- *As always, don’t get in over your head and jump into exercises that you can’t perform safely. These suggestions assume a relatively healthy person with experience or access to a good trainer.
#3: Set Aside an Hour per Week for Tissue Quality
- If you have the luxury of 4 or 5 conditioning sessions per week, set one aside for myofascial release (foam rolling). Give one half hour over to large muscle groups with a roller, and a half hour to the deeper, smaller musculature around joints with a lacrosse or tennis ball. Put on some music that you can get lost in and work your way from head to toe, front and back. You can also tack 15 min onto each normal training session, addressing the muscle groups most used or working through them on each day.
- If you don’t, make some time during down time. If you watch TV in the evenings, this is a perfect opportunity to get some SMR in. But don’t get so lost in the magical glowing box that you forget to work from muscle group to muscle group.
- Remember, once you’ve identified tender points in a muscle, spend a full 30 seconds applying sustained pressure on it. Rolling up and down can be useful for breaking up tissue adhesions and promoting circulation, but sustained pressure is necessary to reduce resting muscular tension by tripping a neuromotor reflex. Use a clock, or count to 40 in your head (chances are good you will more accurately reach 30 sec this way).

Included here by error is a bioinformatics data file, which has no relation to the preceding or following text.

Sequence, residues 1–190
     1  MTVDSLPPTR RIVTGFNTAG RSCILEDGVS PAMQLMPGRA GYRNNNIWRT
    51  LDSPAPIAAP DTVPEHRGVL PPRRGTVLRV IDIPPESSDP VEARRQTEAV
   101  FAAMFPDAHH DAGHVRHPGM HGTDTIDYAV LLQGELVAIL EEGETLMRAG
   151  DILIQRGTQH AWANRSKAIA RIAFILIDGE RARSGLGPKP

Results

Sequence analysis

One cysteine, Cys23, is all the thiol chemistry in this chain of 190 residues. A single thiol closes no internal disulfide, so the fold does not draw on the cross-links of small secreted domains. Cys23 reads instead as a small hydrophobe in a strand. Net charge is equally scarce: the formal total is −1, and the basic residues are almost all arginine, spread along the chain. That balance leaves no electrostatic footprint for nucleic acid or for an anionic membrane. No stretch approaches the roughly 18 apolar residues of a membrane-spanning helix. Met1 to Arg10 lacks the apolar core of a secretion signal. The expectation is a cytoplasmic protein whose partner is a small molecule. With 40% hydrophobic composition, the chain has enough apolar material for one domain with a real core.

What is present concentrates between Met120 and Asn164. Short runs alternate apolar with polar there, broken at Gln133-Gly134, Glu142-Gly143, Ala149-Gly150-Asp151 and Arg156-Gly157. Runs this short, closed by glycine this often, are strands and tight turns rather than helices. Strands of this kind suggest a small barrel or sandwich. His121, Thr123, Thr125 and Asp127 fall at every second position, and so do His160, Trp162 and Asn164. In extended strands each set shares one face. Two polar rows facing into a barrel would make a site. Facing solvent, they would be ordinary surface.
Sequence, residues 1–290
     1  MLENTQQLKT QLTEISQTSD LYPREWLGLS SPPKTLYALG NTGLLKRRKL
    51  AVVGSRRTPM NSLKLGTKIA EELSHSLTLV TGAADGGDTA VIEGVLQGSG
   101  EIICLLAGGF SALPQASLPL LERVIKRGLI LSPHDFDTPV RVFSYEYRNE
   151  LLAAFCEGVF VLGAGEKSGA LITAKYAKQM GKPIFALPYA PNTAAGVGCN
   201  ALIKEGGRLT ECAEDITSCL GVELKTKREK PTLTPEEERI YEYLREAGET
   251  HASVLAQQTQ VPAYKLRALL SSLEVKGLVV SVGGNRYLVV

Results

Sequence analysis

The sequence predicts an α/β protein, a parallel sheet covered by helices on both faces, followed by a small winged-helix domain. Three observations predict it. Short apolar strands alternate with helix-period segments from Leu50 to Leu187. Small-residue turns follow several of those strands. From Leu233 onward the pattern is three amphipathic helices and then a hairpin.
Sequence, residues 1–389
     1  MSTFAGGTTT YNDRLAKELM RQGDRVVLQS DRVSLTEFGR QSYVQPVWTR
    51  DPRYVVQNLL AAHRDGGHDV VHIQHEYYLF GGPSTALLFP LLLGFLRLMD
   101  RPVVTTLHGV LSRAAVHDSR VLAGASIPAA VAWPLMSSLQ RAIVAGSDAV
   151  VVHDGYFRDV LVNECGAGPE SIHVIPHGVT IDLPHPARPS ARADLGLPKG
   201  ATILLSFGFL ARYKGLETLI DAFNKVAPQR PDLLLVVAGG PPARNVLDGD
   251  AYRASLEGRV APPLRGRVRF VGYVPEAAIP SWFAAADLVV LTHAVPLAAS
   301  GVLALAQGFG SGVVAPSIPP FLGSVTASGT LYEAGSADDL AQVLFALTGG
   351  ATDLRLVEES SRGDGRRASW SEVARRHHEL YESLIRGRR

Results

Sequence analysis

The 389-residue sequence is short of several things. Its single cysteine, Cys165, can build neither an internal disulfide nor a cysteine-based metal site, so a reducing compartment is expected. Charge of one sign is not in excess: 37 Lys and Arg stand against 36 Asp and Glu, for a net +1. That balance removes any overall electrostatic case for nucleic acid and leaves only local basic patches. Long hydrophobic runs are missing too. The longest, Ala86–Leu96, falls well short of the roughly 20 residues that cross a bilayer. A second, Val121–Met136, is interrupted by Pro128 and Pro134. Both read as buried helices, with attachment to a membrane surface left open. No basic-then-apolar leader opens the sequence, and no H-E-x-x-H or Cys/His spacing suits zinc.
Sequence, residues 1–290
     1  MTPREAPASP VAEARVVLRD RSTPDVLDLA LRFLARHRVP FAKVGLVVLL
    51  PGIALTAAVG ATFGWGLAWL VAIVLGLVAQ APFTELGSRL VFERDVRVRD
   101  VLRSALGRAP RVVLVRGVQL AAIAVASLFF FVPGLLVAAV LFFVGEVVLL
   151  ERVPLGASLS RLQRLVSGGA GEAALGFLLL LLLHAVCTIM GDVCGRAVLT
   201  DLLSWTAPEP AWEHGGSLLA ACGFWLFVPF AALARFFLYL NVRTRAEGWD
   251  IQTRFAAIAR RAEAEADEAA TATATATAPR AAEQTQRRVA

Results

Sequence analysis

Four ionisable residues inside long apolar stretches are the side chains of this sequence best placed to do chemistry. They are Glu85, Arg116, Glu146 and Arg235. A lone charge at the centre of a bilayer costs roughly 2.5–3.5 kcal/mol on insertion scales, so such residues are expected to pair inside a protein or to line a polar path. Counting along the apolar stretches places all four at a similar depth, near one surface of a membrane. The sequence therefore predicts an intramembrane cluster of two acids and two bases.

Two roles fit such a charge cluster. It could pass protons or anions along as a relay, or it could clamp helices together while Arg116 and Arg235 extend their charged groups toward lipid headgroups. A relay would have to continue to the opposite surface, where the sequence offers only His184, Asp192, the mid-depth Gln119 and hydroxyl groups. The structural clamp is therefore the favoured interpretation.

#4: Set Goals for Bag Work
- A heavy bag, double end bag, speed bag and slip bag can be vital training tools, or insidious wastes of time. It all depends on whether or not you have goals, a plan, and some self awareness. Set clear goals for each piece of equipment. Give yourself time limits (2 min. rounds work well). Write down your most persistent technical flaws and set up a mirror, or get a reliable training partner to point them out when they occur. If you just go in and pound away with the same set of bad habits, you’re only making them stronger.
- Set goals for each round of heavy bag time. In addition to your usual bag work, break your habits. Try out the combinations, strikes, footwork and movement styles of good training partners, fighters or other martial arts that you see some value in.
- If you spend a lot of time on the heavy bag, balance it out with light, fluid work on a double end bag.
- Particularly if you train in a traditional martial art, consider the importance of head movement. Get a slip bag, watch how the pros use it, and incorporate it into your warm ups or rest intervals.
#5: The Most Important Tip: Actually Do It!
Resolutions and attempts to start or return to a training program can fail without getting off the ground because people can recognize the need, but don’t follow up with motivation to actually do it. Your body is your most important training tool, and all of the weapons that it provides need to be maintained. If that means turning off the TV or getting up a little earlier, make the decision and get to it. If you’ve been saying “I know…/I’ll start after…” for a while now, then you’ve established a habit that will only get harder to break as you repeat it. Start out gradually if need be, set clear goals that you can actually achieve, and work at them session by session. In a few weeks or months, you’ll be stronger, faster and more resistant to injury, and your technical training and practice will improve in leaps and bounds with it.